The Department of Water Resources said Wednesday the snowpack in the Sierra Nevada has reached 205% of normal thanks to a series of storms, though dry weather between now and April could still threaten water supplies.
The snowpack received a significant boost from one of the wettest three-week periods on record in California, following the driest three-year period on record.
“California has always experienced some degree of swings between wet and dry, but the past few months have demonstrated how much more extreme those swings are becoming,” said DWR Director Karla Nemeth.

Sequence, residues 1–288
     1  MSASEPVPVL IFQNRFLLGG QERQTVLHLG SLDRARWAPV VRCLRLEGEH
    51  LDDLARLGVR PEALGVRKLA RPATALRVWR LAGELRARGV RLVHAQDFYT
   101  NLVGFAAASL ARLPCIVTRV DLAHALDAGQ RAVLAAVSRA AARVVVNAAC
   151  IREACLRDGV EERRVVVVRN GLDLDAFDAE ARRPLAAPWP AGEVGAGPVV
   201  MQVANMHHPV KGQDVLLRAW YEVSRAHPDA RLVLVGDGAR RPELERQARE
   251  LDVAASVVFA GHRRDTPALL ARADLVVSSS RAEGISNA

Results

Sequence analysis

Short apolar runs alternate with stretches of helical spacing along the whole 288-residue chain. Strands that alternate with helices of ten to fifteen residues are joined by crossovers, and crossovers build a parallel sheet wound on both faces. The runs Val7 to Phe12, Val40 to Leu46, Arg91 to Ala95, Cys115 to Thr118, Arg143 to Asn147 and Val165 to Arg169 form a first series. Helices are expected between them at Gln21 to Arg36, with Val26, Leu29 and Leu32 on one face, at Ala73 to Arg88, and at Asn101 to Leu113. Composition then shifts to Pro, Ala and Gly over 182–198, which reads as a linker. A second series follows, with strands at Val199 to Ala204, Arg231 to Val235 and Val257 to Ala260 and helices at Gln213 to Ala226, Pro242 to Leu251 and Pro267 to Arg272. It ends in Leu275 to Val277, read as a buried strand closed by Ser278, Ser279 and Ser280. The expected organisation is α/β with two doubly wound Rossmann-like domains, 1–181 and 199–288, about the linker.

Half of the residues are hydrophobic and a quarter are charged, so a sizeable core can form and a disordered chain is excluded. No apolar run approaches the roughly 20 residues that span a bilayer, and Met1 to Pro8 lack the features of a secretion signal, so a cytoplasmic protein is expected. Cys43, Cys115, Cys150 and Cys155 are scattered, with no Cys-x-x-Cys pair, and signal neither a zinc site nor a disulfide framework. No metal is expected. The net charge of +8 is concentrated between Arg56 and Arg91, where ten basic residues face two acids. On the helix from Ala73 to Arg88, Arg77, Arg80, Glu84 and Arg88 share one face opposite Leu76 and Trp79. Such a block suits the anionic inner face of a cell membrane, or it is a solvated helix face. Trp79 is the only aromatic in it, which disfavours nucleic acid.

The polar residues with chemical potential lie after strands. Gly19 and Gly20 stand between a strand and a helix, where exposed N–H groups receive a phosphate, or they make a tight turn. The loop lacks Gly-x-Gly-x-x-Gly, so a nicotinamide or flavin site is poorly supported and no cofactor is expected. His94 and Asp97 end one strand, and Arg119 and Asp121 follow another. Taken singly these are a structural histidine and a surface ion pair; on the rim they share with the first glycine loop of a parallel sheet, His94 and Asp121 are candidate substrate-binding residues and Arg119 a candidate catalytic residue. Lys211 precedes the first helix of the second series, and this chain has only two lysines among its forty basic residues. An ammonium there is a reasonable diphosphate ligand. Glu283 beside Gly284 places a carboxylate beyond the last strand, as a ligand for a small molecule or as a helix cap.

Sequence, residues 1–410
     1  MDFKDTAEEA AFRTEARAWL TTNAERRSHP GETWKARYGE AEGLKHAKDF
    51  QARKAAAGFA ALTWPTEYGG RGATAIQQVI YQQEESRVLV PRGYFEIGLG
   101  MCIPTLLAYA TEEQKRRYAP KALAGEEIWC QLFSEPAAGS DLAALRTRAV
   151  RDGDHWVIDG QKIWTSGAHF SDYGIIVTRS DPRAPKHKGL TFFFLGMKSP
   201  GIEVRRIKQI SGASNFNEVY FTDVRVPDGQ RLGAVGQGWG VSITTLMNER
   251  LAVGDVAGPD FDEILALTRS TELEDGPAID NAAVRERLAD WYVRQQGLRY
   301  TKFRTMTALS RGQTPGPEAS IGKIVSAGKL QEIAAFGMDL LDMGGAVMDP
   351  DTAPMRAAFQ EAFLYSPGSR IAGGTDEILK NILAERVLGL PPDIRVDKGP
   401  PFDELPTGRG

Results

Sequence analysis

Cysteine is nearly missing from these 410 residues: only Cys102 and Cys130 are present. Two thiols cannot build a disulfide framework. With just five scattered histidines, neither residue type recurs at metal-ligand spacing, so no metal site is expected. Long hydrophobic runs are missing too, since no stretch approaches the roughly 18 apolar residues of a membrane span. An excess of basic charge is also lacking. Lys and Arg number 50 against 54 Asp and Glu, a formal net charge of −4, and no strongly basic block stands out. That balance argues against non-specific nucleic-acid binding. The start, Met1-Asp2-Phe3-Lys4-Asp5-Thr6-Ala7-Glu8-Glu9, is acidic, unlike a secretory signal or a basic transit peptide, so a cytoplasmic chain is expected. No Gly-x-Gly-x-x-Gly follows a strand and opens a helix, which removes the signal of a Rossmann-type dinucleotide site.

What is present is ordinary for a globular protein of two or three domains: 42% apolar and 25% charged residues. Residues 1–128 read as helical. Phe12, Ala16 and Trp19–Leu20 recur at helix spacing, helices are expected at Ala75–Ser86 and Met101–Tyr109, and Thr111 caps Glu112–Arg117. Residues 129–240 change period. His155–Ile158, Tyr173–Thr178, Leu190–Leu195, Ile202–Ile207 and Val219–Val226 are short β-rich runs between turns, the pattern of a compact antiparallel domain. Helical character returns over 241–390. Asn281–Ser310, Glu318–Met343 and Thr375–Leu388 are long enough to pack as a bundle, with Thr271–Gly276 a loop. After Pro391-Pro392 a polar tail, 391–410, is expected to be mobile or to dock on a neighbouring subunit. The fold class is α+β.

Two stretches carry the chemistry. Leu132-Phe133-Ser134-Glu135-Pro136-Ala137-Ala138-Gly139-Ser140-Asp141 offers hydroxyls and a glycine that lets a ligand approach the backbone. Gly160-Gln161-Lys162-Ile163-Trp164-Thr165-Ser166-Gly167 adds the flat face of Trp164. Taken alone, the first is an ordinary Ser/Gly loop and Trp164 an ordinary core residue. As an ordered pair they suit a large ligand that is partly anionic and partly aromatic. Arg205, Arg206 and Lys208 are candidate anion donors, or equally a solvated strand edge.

“While today’s results are good news for water supplies, we know from experience how quickly snowpack can disappear if dry conditions return in the months ahead,” she said.
If California returns to dry conditions for the next two months, as the state experienced last year, a significant snowpack early in the winter can quickly disappear.
The DWR said periodic rain and snow over the next several months will be key to get the biggest water supply benefit from the state’s snowpack without posing additional flood risks.
On average, the Sierra snowpack supplies about 30% of California’s water needs and is an important factor in determining how DWR manages the state’s water resources. Its natural ability to store water is why the Sierra snowpack is often referred to as California’s “frozen reservoir.”
The snowpack is less important for San Diego County, which relies on the Colorado River, local reservoirs and the Carlsbad desalination plant, but welcome for the rest of Southern California.